Updates from the states as of June 26.
Medicaid’s Crucial Role in Combating the Maternal Mortality and Morbidity Crisis
Patti Boozang, Chiquita Brooks-LaSure, and Gayle Mauser, Manatt Health
Medicaid has a pivotal role in improving national health outcomes for pregnant and postpartum women. Nearly half of all U.S. births are financed by Medicaid. Medicaid-enrolled pregnant women are more likely than women enrolled in private coverage to have had a preterm birth, to have had a low birthweight baby, and to experience certain chronic conditions (e.g., diabetes)—putting them at higher risk for poor maternal outcomes. States have flexibility to shape Medicaid policy related to maternal care, including who is covered, the duration of their coverage, the benefits they receive, and the delivery system through which they receive care. Further, state Medicaid agencies, in partnership with sister agencies, can use their purchasing power and “bully pulpit” to drive broader policy and cultural change to improve maternal health outcomes and the lives and health of mothers and of their children.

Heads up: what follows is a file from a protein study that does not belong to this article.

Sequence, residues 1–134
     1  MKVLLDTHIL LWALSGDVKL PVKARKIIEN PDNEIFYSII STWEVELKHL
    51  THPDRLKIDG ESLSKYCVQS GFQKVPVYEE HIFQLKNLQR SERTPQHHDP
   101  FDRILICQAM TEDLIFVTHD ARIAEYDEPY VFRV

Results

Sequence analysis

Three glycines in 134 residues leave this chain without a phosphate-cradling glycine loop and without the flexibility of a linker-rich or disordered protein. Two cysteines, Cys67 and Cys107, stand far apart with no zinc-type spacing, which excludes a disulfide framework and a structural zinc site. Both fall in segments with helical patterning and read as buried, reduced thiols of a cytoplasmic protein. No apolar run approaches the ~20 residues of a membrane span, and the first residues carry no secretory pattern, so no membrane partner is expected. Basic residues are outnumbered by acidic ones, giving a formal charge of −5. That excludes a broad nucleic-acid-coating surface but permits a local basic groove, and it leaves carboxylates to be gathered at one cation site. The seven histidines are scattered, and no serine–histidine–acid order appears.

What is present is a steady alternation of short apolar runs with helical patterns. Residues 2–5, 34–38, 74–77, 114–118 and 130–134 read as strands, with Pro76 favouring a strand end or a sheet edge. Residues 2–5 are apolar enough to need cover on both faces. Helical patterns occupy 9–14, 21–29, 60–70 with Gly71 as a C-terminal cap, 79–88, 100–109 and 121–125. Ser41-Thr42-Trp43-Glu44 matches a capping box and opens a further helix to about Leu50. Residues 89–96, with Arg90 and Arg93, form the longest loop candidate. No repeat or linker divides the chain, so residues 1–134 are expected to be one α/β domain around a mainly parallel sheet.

This issue brief, developed by our colleagues at Manatt Health, describes select policy and strategy levers that Medicaid agencies can employ to improve maternal health outcomes and address outcome disparities in five areas: coverage, enrollment, benefits, models of care, and quality improvement. In some cases, the Medicaid agency will be responsible for implementing these policies; in other cases, the Medicaid agency can lead collaboration with other state agencies such as the public health department or the state marketplace.
On March 11, State Health and Value Strategies will also host a companion webinar that will highlight and discuss select strategies from the issue brief. Those interested in tuning in can register here.